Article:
IP Unnumbered Explained

(Rene Molenaar) #1

This topic is to discuss the following lesson:

(system) #2

Hhhm, so the routers don’t care if they are not on the same subnet?

(system) #3

tnx alot man

(Rene Molenaar) #4

Hi Timothy,

With IP unnumbered they don’t, it’s kinda a weird concept but it works.


(system) #5

Thanks Rene,

That was Amazing …


learn something new everday. wow.

(Angel M) #7

Rene, you are the man. Thanks!

(Rene Molenaar) #8

Thanks Angel!

(francesco r) #9

Hello Rene, Is this the only way 2 Router get adjagency ?
I want to mean…till now we learn that 2 router make up adj if they share the same subnet…so if the two router have an ip interface with ip addrress in that subnet…
Now I’m discovering that the ip could be “broken” …in the way that 2 router get adj also if they don’t share a subnet??? I’m fantasizing??? :slight_smile:

(Rene Molenaar) #10

Hi Francesco,

It’s strange but that’s correct. In my example above it works with EIGRP, it also works with OSPF.

You have to use ip unnumbered on both sides though, otherwise you won’t get an adjacency.


(leo d) #11

you don’t need to use IP unnumbered on both ends. The one without IP unnumbered will still check for valid subnet. IP unnumbered just disables it.

(Rupesh D) #12

Hi Rene,
My question is
If R1 Serial Interface is configured for ip unumbered and R2 Serial interface is not configured for ip unumbered but instead it is configured for some different subnet, will that work??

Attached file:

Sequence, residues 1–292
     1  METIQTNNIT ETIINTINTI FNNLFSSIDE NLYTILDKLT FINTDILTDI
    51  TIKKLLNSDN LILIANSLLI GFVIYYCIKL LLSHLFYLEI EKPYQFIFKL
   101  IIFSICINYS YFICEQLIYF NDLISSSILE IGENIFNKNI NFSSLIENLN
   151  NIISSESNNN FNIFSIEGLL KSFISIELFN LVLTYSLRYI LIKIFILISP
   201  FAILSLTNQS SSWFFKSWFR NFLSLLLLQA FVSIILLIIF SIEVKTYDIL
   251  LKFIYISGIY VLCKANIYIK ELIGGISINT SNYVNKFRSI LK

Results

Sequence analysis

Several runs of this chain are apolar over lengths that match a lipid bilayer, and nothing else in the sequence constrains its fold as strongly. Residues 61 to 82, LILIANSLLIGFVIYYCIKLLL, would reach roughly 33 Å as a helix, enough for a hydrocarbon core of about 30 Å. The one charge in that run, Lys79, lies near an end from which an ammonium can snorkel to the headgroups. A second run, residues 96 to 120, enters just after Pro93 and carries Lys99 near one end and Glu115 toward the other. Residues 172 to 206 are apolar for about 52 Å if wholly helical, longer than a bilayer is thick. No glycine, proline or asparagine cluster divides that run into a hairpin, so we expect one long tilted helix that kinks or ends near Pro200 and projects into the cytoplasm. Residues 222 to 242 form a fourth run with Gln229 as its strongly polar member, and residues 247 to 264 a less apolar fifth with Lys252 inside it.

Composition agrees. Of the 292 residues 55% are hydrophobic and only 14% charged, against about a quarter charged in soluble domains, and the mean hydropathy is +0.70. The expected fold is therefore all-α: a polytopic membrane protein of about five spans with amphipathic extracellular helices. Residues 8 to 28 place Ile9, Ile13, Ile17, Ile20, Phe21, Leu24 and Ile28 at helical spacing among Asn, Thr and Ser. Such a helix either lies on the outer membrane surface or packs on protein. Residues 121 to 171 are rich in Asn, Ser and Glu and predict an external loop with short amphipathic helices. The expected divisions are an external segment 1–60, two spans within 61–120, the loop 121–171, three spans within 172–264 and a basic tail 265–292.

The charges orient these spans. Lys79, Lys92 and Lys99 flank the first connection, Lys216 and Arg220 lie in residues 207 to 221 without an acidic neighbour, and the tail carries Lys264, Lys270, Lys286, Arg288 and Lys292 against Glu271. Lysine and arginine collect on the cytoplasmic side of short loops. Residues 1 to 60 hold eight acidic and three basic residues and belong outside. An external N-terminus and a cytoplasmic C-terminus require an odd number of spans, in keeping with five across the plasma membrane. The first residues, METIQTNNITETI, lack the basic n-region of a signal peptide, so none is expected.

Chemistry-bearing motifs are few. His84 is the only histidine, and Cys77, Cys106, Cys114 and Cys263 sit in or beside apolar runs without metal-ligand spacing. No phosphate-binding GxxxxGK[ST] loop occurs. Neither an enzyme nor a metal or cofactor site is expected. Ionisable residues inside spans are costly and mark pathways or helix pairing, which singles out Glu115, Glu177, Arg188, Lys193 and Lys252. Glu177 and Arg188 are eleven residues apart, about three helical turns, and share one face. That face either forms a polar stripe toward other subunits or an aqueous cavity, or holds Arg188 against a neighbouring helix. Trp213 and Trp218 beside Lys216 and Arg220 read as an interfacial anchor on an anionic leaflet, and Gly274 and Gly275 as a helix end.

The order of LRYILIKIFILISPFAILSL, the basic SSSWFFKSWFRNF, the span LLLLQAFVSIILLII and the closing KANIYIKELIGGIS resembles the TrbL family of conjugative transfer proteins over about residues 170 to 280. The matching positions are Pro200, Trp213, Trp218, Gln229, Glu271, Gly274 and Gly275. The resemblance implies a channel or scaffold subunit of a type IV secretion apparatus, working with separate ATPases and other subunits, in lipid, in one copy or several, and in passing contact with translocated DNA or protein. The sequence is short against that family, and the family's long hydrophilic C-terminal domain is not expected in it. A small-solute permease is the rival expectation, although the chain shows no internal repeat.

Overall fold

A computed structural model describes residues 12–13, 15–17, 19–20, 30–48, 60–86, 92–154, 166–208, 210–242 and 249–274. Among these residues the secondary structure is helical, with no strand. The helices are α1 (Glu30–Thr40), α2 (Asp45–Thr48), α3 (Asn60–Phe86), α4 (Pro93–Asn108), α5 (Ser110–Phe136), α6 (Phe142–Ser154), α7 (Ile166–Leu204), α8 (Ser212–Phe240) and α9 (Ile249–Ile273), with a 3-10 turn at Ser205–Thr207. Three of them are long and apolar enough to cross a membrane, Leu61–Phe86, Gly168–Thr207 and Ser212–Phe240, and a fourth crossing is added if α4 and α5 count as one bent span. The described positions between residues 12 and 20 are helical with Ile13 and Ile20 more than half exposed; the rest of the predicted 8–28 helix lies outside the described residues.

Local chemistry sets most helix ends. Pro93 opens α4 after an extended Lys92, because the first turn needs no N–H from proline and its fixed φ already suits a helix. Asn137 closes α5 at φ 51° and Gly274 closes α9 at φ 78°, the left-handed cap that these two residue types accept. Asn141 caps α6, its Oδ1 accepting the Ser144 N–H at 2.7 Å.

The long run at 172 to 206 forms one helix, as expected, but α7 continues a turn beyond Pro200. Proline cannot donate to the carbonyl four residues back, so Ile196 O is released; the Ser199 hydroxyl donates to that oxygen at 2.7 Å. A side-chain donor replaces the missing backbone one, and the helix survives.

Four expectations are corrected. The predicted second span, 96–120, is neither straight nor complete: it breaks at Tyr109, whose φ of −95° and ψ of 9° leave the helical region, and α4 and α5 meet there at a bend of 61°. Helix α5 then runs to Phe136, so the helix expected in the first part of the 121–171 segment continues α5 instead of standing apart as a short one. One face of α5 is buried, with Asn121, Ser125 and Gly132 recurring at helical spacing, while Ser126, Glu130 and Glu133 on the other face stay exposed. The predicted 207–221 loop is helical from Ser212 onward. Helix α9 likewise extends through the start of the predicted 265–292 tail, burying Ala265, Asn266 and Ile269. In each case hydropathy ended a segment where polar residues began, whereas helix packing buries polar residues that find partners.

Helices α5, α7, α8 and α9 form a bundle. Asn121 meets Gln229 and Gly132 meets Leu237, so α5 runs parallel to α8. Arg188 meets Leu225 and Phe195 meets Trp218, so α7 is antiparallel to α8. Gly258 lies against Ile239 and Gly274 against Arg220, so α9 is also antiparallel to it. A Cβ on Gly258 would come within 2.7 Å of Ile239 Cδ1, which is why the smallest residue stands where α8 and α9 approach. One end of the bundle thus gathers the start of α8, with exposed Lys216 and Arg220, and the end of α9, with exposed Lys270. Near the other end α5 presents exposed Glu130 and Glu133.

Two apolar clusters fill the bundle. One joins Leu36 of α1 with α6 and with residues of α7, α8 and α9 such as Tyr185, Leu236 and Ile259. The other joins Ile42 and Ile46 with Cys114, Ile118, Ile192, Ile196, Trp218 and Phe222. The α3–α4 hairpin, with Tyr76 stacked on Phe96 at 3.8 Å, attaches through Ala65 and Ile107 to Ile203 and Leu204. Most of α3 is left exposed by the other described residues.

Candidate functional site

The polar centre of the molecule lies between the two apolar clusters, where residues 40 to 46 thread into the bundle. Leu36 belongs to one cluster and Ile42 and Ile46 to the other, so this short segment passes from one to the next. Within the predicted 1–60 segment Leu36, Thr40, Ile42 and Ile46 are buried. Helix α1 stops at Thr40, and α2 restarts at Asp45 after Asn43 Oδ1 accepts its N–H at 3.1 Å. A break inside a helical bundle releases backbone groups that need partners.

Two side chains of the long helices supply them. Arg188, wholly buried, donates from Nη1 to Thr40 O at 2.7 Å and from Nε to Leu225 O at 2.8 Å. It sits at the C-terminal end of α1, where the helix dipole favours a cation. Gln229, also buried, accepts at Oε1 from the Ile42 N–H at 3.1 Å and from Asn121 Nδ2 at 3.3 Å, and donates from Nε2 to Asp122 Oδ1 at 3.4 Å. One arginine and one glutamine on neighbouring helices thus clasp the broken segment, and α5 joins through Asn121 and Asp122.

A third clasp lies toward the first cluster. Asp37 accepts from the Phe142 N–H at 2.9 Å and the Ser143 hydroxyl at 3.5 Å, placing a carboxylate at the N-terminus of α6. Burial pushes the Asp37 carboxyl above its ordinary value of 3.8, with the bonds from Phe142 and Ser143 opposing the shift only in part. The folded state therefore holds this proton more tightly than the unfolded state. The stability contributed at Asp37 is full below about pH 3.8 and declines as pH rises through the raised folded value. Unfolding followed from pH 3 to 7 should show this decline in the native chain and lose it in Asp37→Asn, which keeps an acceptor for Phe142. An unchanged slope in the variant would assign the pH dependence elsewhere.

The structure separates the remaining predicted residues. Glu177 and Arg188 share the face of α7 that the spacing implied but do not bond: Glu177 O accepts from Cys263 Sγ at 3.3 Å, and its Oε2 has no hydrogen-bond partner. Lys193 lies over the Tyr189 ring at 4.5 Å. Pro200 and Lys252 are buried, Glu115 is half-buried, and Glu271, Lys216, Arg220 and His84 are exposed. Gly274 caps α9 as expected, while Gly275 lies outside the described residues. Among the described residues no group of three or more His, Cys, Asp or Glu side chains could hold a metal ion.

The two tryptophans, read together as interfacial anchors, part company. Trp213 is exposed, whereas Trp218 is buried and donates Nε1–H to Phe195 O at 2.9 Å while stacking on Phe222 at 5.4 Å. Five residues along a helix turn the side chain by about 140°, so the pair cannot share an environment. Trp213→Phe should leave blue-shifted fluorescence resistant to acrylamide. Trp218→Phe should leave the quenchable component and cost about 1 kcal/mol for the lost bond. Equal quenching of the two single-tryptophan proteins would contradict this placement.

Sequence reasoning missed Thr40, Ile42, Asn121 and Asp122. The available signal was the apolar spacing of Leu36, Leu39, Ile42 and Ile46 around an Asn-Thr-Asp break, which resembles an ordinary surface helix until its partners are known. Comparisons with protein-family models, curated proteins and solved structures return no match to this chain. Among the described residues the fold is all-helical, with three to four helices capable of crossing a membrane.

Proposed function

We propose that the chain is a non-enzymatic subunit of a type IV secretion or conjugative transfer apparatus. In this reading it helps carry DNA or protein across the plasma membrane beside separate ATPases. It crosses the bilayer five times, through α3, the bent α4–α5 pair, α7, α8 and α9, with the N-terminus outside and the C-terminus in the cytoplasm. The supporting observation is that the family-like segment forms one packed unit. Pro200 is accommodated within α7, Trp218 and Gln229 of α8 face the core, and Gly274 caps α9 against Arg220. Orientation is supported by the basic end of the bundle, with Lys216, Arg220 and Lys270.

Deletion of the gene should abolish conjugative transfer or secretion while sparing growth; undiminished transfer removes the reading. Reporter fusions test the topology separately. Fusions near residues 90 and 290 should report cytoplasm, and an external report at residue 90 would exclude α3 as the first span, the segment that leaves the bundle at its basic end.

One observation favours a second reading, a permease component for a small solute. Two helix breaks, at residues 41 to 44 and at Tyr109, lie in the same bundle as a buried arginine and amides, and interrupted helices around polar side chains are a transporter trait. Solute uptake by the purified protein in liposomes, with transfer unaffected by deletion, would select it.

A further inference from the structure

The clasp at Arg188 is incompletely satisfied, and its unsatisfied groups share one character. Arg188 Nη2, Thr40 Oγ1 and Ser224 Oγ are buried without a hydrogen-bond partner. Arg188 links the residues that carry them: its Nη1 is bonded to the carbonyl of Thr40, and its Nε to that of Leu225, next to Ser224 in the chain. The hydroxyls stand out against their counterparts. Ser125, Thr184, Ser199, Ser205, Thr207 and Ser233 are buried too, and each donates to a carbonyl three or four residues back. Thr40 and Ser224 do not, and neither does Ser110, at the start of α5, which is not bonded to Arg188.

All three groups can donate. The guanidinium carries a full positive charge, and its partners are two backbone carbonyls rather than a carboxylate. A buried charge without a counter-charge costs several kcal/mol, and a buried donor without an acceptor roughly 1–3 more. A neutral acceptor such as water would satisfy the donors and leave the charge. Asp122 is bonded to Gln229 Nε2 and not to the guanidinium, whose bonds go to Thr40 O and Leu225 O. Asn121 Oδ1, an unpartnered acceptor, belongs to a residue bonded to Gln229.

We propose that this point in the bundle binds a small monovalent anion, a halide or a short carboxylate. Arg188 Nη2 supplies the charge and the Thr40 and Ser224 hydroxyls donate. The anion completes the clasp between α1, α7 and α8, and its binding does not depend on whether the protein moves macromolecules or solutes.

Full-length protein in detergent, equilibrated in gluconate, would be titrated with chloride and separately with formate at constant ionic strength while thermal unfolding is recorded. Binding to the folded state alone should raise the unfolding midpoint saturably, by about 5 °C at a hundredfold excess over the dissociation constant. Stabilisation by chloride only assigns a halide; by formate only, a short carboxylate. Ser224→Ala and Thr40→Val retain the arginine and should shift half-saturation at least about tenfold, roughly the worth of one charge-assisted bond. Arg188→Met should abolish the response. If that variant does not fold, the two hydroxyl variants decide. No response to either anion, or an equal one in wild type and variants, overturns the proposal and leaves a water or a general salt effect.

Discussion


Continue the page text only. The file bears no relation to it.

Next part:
(Rene Molenaar) #13

Hi Rupesh,

This unfortunately won’t work. The side that doesn’t have IP unnumbered will ignore any IP packets that are not on the subnet of the IP address that you configured on the interface. For example, if you try to run EIGRP like I did in the lesson then R1 will accept the EIGRP packets from R2 (since it has IP unnumbered) but R2 will show “not on common subnet” errors.


(William K) #14

How does IP un-numbered work from an L2 perspective? Each interface on the serial will answer ARP?

(Lazaros Agapides) #15

Hello William

First of all, the example used by Rene includes the use of a serial interface, which is a very common use of the IP unnumbered feature. For a serial interface, ARP would not be a problem, because ARP is not used on serial interfaces. If it’s a point to point interface, the encapsulation from Layer 3 (IP) to Layer 2 (HDLC or PPP for example) doesn’t require a Layer 2 destination address. If you’re employing a point to multi-point serial connection such as Frame Relay, then reverse ARP is used to determine the IP address from the DLCI. In this case, the reverse ARP determines the IP address (indeed the borrowed address) from the DLCI.

Because the IP unnumbered feature can also be applied to Ethernet ports, your question is indeed a valid one. In this case, ARP would function as it does when sending an ARP request for any other IP address. The only restriction, according to Cisco, is that you cannot configure static ARP for this particular interface.

I hope this has been helpful!